Display Settings:

Format

Send to:

Choose Destination
We are sorry, but NCBI web applications do not support your browser and may not function properly. More information
Lancet. 2005 Jul 16-22;366(9481):211-7.

Music, imagery, touch, and prayer as adjuncts to interventional cardiac care: the Monitoring and Actualisation of Noetic Trainings (MANTRA) II randomised study.

Author information

  • 1Duke Clinical Research Institute, Durham, NC 27705, USA. kruco001@mc.duke.edu

Abstract

BACKGROUND:

Data from a pilot study suggested that noetic therapies-healing practices that are not mediated by tangible elements-can reduce preprocedural distress and might affect outcomes in patients undergoing percutaneous coronary intervention. We undertook a multicentre, prospective trial of two such practices: intercessory prayer and music, imagery, and touch (MIT) therapy.

METHODS:

748 patients undergoing percutaneous coronary intervention or elective catheterisation in nine USA centres were assigned in a 2x2 factorial randomisation either off-site prayer by established congregations of various religions or no off-site prayer (double-blinded) and MIT therapy or none (unmasked). The primary endpoint was combined in-hospital major adverse cardiovascular events and 6-month readmission or death. Prespecified secondary endpoints were 6-month major adverse cardiovascular events, 6 month death or readmission, and 6-month mortality.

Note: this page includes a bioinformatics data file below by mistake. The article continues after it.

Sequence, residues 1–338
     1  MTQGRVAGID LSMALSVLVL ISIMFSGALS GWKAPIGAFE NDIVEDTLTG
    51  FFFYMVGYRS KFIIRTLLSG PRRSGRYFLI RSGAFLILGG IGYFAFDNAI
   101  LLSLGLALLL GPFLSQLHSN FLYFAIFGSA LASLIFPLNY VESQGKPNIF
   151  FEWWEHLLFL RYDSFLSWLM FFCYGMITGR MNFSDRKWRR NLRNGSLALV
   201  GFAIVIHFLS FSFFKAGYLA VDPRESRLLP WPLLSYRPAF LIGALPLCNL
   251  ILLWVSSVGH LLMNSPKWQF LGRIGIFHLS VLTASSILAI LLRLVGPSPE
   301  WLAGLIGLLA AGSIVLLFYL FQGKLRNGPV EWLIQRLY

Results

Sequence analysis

FINDINGS:

371 patients were assigned prayer and 377 no prayer; 374 were assigned MIT therapy and 374 no MIT therapy. The factorial distribution was: standard care only, 192; prayer only, 182; MIT therapy only, 185; and both prayer and MIT therapy, 189. No significant difference was found for the primary composite endpoint in any treatment comparison. Mortality at 6 months was lower with MIT therapy than with no MIT therapy (hazard ratio 0.35 (95% CI 0.15-0.82, p=0.016).

INTERPRETATION:

Neither masked prayer nor MIT therapy significantly improved clinical outcome after elective catheterisation or percutaneous coronary intervention.

Comment in

PMID:
16023511
[PubMed - indexed for MEDLINE]
PubMed Commons home

PubMed Commons

0 comments
How to join PubMed Commons

    Supplemental Content

    Icon for Elsevier Science
    Loading ...
    Write to the Help Desk